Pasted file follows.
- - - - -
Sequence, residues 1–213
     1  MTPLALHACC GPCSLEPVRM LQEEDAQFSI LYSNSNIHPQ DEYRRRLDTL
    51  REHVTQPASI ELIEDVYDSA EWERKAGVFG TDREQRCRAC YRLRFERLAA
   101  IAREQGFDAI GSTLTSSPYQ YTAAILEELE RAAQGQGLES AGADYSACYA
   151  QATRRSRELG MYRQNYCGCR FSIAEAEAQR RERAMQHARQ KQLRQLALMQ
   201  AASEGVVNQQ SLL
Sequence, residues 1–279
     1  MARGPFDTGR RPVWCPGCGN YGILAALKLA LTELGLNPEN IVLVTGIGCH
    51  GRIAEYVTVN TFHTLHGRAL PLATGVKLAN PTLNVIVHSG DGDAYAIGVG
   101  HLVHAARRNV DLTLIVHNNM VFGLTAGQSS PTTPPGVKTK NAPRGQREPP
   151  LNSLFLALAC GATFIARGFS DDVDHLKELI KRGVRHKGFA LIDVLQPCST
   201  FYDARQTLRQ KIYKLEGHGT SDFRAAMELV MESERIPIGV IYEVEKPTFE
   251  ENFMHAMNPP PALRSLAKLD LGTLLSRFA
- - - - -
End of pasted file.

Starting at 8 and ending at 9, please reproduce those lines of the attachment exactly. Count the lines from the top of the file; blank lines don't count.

     1  MARGPFDTGR RPVWCPGCGN YGILAALKLA LTELGLNPEN IVLVTGIGCH
    51  GRIAEYVTVN TFHTLHGRAL PLATGVKLAN PTLNVIVHSG DGDAYAIGVG